Perhaps most simply, I can put little bits of tape, or grease pencil markings, at the right spots on my amp's input gain control, and tweak the knob between them when I change basses.

    But mostly, I just avoid changing basses in the middle of a set, unless I break a string or something (never actually happened to me in a performance situation).
  9. Raf Seibert

    Raf Seibert

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    A cheap solution is to run both basses into a mixer like the Behringer 802, then run the output to the PA input. That gives you independent control of the signal strengths.

    -Raf
  10. Terracite

    Terracite Supporting Member

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    Boss EQ pedal.

    Can work as a straight up switchable volume boost, small, cheap, reliable, and has eq if you want that too. Keep it off for the hot bass, turn it on to boost the other.
  11. Jebberz

    Jebberz Supporting Member Supporting Member

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    Boss LS2 Line selector Pedal. It works perfectly for me
  12. pfox14

    pfox14

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    ahhhhh, I think it's called a volume knob.
  13. Selta

    Selta

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    Did you check the control cavity for a trim pot?
  14. mellowinman

    mellowinman

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    There are a number of reasons why this is not a good answer.
  15. Munjibunga

    Munjibunga Total Hyper-Elite Member Gold Supporting Member

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    There are quite a number of stomp boxes that will do this. Radial Bassbone and EBS Micro Bass II come to mind. You just need a box with two inputs and individual volume controls.
  16. bachlover

    bachlover Supporting Member

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    I have the same problem, my Godin has a far hotter o/p than any of my others and I like to have the Godin on hand for it's thumpy dbl. bass quality (fretless) for some tunes. Fortunately, my SVT has a 12db padded input that I can plug into when needed, but I still have to have the volume barely up on the Godin to match any of the others.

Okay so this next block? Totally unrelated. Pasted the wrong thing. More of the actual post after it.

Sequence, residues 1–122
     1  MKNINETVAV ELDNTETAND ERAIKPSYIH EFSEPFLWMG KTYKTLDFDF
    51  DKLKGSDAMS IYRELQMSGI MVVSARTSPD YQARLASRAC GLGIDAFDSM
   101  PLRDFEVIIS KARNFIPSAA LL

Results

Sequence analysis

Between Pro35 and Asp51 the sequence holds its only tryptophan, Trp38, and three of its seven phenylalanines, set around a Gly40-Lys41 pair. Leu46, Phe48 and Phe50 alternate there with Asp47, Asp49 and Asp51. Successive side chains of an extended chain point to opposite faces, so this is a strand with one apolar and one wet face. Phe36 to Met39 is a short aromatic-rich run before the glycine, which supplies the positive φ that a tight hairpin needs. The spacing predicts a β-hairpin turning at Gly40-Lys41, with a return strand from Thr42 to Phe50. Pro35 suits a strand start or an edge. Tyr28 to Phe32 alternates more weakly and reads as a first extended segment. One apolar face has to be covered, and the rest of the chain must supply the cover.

17. jimmybc91

    jimmybc91

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    Sid Fang said it best, just use tape. No need to go buy an external accesory to adjust the volume levels. Especially seeing that this seems to be the first time you are deciding to use both basses.

    But in luxury of space and money tonebone and EBS has recieved many many compliments. Or a simple boost pedal to accomadate volume (just note that some boost pedals also colour your tone).
  18. BruceWane

    BruceWane

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    You could add a trim pot to the circuit of the louder bass. Make it accessible using a small screwdriver through a small hole in the cavity cover.

    Something like this...
  19. kbakerde

    kbakerde Supporting Member

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    Ok. I wanted to give an update on what I tried and how it worked. I went and picked up a EHX LPB-1 pedal. Supposed to be good and transparent, really simple. I tested it at the store. But in my rig, using the boost with my Warwick lead to some nasty sounding distortion. So that is one that didn't work. At least not or me.
  20. spufman

    spufman Supporting Member

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    Boss LS-2 works well for this in my experience. It can 'normalize' up to three inputs: one straight bypass and the other two (or one) cut/boosted with separate level knobs. Good, versatile, inexpensive pedal.